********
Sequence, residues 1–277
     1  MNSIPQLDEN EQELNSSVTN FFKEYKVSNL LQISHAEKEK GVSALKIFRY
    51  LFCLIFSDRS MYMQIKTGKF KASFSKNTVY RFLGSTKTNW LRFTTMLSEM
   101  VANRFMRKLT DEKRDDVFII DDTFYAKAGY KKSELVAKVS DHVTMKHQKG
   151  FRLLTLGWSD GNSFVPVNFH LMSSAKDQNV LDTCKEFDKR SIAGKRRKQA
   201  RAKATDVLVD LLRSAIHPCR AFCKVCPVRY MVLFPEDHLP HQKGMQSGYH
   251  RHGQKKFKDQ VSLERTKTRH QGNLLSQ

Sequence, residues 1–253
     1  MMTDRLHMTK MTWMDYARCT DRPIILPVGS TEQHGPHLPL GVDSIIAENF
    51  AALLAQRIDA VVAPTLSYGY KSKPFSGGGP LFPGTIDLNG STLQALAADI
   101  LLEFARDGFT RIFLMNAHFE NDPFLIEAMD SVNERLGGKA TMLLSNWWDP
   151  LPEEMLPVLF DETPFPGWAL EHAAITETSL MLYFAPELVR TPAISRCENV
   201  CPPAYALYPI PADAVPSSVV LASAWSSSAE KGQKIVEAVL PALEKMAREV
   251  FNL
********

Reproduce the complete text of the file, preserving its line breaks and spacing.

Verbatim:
Sequence, residues 1–277
     1  MNSIPQLDEN EQELNSSVTN FFKEYKVSNL LQISHAEKEK GVSALKIFRY
    51  LFCLIFSDRS MYMQIKTGKF KASFSKNTVY RFLGSTKTNW LRFTTMLSEM
   101  VANRFMRKLT DEKRDDVFII DDTFYAKAGY KKSELVAKVS DHVTMKHQKG
   151  FRLLTLGWSD GNSFVPVNFH LMSSAKDQNV LDTCKEFDKR SIAGKRRKQA
   201  RAKATDVLVD LLRSAIHPCR AFCKVCPVRY MVLFPEDHLP HQKGMQSGYH
   251  RHGQKKFKDQ VSLERTKTRH QGNLLSQ

Sequence, residues 1–253
     1  MMTDRLHMTK MTWMDYARCT DRPIILPVGS TEQHGPHLPL GVDSIIAENF
    51  AALLAQRIDA VVAPTLSYGY KSKPFSGGGP LFPGTIDLNG STLQALAADI
   101  LLEFARDGFT RIFLMNAHFE NDPFLIEAMD SVNERLGGKA TMLLSNWWDP
   151  LPEEMLPVLF DETPFPGWAL EHAAITETSL MLYFAPELVR TPAISRCENV
   201  CPPAYALYPI PADAVPSSVV LASAWSSSAE KGQKIVEAVL PALEKMAREV
   251  FNL